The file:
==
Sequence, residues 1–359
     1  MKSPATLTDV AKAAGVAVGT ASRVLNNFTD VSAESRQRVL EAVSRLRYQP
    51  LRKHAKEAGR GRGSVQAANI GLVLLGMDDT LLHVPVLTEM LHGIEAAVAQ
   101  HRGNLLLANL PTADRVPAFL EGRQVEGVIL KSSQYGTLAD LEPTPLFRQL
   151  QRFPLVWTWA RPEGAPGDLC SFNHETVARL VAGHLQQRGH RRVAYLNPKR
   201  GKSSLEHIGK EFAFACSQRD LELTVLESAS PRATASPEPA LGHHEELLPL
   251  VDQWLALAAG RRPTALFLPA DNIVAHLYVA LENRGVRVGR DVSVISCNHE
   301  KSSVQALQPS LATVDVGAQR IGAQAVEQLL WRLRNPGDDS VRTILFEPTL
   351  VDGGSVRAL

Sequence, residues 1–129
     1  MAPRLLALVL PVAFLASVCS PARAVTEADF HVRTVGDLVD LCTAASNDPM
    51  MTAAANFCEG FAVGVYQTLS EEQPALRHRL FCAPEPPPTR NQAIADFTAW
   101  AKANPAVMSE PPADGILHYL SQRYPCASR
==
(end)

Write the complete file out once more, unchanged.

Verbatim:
Sequence, residues 1–359
     1  MKSPATLTDV AKAAGVAVGT ASRVLNNFTD VSAESRQRVL EAVSRLRYQP
    51  LRKHAKEAGR GRGSVQAANI GLVLLGMDDT LLHVPVLTEM LHGIEAAVAQ
   101  HRGNLLLANL PTADRVPAFL EGRQVEGVIL KSSQYGTLAD LEPTPLFRQL
   151  QRFPLVWTWA RPEGAPGDLC SFNHETVARL VAGHLQQRGH RRVAYLNPKR
   201  GKSSLEHIGK EFAFACSQRD LELTVLESAS PRATASPEPA LGHHEELLPL
   251  VDQWLALAAG RRPTALFLPA DNIVAHLYVA LENRGVRVGR DVSVISCNHE
   301  KSSVQALQPS LATVDVGAQR IGAQAVEQLL WRLRNPGDDS VRTILFEPTL
   351  VDGGSVRAL

Sequence, residues 1–129
     1  MAPRLLALVL PVAFLASVCS PARAVTEADF HVRTVGDLVD LCTAASNDPM
    51  MTAAANFCEG FAVGVYQTLS EEQPALRHRL FCAPEPPPTR NQAIADFTAW
   101  AKANPAVMSE PPADGILHYL SQRYPCASR